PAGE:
JuJu Smith-Schuster made a little NFL history Sunday.
His 76 yard third quarter touchdown against the San Francisco 49ers was the 5th of his NFL career, giving him the most 75+ yard touchdowns – of any variety – before the age of 23 in football history.
He broke a four way tie with: Patrick Peterson, Gale Sayers, and Tamarick Vanover. Not bad company to keep. And if you’re wondering, like I was, Vanover was a return specialist for the Kansas City Chiefs in the mid to late 1990s.
Despite not being blessed with outrageous straight-line speed, Smith-Schuster ran the 40s in the 4.5 range, he’s shown a remarkable ability to make the big play and flash speed in the open field. That was on display against the 49ers, running away from the corner covering him before tearing down the left sideline the rest of the way.
— Pittsburgh Steelers (@steelers) September 22, 2019
Here are the other four in his career.
#1 – 97 yarder against Detroit (2017)
The first of the five. Long run and catch by JuJu but a well thrown ball by Ben Roethlisberger, exploiting the middle of the field. He flashed his speed outrunning three Lions’ DBs to the end zone.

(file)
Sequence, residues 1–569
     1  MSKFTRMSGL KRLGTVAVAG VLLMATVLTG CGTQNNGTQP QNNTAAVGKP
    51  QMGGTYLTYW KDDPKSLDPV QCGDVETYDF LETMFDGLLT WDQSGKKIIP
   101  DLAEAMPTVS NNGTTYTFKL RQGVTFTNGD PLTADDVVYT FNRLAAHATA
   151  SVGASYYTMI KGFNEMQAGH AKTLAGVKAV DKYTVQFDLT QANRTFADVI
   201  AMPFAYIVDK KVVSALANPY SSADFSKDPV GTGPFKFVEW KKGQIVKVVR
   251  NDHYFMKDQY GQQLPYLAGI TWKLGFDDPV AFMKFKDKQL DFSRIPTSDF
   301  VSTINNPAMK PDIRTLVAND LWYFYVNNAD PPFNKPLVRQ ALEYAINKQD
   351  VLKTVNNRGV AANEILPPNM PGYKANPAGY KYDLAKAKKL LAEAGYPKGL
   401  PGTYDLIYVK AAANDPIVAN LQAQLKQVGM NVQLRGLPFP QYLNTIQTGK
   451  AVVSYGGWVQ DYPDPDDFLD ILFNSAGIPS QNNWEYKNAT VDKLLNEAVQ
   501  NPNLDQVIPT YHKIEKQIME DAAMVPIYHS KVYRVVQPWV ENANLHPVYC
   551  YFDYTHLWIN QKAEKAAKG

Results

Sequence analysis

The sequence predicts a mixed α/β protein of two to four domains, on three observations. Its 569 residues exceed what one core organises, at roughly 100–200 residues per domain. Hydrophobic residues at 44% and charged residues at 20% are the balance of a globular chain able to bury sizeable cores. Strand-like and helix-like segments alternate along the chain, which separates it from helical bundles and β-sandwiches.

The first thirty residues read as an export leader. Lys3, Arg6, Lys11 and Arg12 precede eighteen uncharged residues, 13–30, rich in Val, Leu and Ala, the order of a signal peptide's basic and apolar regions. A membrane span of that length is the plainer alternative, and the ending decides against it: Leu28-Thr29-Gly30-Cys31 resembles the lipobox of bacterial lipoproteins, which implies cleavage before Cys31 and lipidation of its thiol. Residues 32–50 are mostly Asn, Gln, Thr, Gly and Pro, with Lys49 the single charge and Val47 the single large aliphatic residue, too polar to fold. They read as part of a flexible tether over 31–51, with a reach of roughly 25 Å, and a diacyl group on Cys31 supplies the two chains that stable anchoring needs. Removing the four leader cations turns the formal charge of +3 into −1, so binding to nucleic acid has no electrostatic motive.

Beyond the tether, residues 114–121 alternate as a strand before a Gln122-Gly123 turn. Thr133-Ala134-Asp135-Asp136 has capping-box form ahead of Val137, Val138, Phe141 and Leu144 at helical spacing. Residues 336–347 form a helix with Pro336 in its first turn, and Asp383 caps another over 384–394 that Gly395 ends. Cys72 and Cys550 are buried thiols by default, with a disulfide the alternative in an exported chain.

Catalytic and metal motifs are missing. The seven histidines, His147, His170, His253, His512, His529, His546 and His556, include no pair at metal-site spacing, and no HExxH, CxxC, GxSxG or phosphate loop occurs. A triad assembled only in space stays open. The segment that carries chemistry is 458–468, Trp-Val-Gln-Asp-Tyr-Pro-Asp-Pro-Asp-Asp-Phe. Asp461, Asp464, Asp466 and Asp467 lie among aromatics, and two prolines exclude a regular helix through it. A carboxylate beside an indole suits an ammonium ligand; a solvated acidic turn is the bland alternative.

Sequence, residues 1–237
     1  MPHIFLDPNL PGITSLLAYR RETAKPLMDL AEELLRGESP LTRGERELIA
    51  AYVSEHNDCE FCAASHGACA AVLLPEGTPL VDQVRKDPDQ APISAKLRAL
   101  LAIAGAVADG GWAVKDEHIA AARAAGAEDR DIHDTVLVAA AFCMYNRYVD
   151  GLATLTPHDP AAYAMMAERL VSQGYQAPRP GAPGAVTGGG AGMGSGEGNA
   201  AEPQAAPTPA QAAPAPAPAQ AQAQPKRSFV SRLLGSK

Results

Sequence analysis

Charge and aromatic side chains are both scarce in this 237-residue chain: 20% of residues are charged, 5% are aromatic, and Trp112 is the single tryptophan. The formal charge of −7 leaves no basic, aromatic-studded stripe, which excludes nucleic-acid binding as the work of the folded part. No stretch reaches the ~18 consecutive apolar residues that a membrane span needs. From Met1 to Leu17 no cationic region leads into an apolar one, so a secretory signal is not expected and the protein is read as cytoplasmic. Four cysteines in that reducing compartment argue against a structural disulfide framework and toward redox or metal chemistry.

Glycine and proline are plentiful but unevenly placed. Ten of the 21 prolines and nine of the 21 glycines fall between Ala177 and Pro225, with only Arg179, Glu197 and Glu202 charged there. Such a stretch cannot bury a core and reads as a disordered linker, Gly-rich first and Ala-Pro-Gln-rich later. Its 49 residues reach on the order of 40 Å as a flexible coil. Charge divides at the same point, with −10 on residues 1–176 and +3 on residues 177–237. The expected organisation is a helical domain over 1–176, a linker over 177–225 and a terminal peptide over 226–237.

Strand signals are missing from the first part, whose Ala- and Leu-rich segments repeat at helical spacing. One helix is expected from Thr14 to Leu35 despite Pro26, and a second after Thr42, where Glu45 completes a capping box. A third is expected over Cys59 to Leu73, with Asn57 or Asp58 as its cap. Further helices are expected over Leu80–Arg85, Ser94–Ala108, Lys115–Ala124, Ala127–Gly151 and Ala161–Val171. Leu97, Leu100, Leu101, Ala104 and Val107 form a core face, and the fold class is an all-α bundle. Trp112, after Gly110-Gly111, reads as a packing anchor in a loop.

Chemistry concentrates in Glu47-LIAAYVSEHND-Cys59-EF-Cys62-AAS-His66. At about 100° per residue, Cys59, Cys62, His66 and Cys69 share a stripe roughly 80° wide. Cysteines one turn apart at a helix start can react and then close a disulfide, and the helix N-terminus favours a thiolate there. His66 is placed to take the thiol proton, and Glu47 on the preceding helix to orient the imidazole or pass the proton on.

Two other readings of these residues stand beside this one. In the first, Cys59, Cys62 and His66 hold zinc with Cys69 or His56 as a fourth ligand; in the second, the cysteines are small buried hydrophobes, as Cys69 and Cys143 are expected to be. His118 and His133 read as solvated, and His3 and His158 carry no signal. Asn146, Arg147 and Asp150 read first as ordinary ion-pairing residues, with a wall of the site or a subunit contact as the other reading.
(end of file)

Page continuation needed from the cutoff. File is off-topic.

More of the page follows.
#2 – 96 yard kick return vs Cleveland (2017)
Arguably the most forgettable of the list. The last kick return touchdown by a Pittsburgh Steeler and their only one since 2011. Week 17 against the Browns, breaking a 21-21 tie in an eventual black and gold win.
#3 – 75 yard catch against Carolina (2018)
A quick answer after the Panthers took a brief 7-0 lead. It was all Steelers from there, a well-executed pump fake by Roethlisberger to open JuJu down the left seam. He took it from there.
#4 – 97 yarder vs Denver (2018)
Another 97 yard touchdown catch. Beat the corner, ran away from the safety, and got a good block from he-who-shall-not-be-named.
If you’re wondering about all-time records in a career, his five scores have him tied for 40th in league history. The record is held by Devin Hester’s 13 followed by Bobby Mitchell with 12 and Dante Hall/Ollie Matson with two. Smith-Schuster is one shy of the Steelers’ record, currently held by Louis Lipps’ six of them.